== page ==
Ty Segall‘s latest, self-titled album – the ninth in his discography – starts with the dirty, riff-driven track “Break a Guitar”. It’s the perfect opener for an album full of more dirty, riff-driven tracks and sets the scene. Segall’s voice stays within an easy range and complements the rest of the instruments, with its familiar scratchy tone.
Second track “Freedom” and third track, “Warm Hands (Freedom Returned)”, blend together so effortlessly, I thought it was the same, very long song during my first listen. “Freedom” is a lighter, quicker track that barely lasts two minutes. The slight pause between it and “Warm Hands…” is easily mistaken for an effect in the song, and it’s not until the seven minute mark of the ten minute spanning “Warm Hands…” that I realized they are two different tracks. The guitars in “Warm Hands…” never stop, making their point by pounding every note played. The distortion throughout, paired with the off-beat drumming, adds an extra scattered, messy quality.
“Talkin'” takes the pace way down, and strips the instruments back. The drumming is a lot lighter, and the walking bass line is there just to keep time. The guitar has its solo moments, but it’s slowed right down to keep a blues rhythm and isn’t screaming like it was in previous tracks. Segall’s voice has a much larger range in this track, the slow tempo gives him more room to hit higher notes.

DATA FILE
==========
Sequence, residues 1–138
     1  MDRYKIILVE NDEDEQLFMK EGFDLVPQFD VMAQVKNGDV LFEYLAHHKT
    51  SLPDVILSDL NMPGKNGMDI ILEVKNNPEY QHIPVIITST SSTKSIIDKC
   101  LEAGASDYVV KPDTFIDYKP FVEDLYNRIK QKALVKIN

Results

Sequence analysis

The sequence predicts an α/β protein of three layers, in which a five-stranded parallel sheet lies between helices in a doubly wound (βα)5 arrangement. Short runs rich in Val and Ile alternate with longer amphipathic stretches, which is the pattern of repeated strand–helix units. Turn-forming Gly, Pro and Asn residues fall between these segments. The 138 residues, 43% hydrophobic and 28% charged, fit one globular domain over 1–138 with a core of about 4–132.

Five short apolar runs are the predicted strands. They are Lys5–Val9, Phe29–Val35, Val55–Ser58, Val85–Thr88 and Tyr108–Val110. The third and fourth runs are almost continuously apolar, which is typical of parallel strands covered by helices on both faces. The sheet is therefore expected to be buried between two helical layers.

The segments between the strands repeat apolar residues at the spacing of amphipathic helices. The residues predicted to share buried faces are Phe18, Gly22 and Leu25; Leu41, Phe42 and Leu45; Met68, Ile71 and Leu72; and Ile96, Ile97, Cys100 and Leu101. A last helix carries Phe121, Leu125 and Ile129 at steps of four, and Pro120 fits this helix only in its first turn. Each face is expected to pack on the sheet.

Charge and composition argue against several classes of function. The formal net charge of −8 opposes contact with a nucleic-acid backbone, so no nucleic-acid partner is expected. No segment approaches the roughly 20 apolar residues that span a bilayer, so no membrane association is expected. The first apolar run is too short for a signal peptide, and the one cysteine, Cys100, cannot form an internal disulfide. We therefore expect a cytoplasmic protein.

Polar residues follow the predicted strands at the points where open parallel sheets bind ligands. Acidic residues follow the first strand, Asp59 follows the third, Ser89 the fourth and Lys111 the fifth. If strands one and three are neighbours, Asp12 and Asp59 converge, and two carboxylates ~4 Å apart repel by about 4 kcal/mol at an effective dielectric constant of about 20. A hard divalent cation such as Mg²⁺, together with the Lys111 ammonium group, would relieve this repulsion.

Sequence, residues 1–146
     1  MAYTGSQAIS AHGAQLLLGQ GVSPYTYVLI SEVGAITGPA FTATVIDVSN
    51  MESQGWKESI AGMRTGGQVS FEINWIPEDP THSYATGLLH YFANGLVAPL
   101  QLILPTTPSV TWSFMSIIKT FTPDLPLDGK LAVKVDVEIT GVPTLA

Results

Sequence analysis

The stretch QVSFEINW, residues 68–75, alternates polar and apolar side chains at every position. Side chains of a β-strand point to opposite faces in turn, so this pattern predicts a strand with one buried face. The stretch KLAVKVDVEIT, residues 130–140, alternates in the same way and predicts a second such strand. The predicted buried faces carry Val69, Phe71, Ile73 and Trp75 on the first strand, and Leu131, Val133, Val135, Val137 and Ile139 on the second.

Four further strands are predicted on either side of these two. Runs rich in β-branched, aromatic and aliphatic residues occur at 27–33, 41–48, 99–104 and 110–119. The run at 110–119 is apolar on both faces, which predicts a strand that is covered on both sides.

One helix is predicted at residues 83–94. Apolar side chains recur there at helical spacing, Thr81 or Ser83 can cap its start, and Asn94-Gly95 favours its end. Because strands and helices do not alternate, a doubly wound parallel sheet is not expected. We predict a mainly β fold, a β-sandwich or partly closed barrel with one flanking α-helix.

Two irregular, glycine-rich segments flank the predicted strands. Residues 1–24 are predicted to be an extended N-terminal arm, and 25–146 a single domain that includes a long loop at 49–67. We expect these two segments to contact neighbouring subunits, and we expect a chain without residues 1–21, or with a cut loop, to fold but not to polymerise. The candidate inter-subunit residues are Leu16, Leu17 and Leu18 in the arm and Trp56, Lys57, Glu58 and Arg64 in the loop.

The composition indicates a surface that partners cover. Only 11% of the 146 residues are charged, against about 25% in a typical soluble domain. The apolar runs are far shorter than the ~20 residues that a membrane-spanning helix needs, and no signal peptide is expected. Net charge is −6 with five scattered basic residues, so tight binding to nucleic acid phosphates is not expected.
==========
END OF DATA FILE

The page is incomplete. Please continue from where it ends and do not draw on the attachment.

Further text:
“The Only One” brings it back to the heavy drumming, distorted guitar, and rambling solos. The end of the song is a psychedelic trip; with guitar riffs and solos battling it out for supremacy until they finish each other off with a last squeal. “Thank You Mr K” is an energetic, quick track reminiscent of early Queens of the Stone Age.
“Orange Color Queen”, another stripped back track, is the most romantic of the album – written for his girlfriend who helps him with his fear of flying – with Segall singing,”Oh, you’re my orange lady, oh, you’re my silver lips of honey, oh, you’re my cherry fizzle sundae, oh, you’re a tree inside of an airplane.”
This self-titled album is a great mix of garage, blues, rock, and psych music, all styles the modern music scene is somewhat lacking today (except for those freaks King Gizzard and the Lizard Wizard, of course.)
This album was a great reminder that this style of music, and talent, still exist in 2017. Luckily, some artists are still all about the music, man. I’ll be honest, I had never heard of Ty Segall before hearing this album, and I’m delighted to have eight more of his albums to find and enjoy as a result.
Review Score: 8.4 out of 10.
Ty Segall is out now.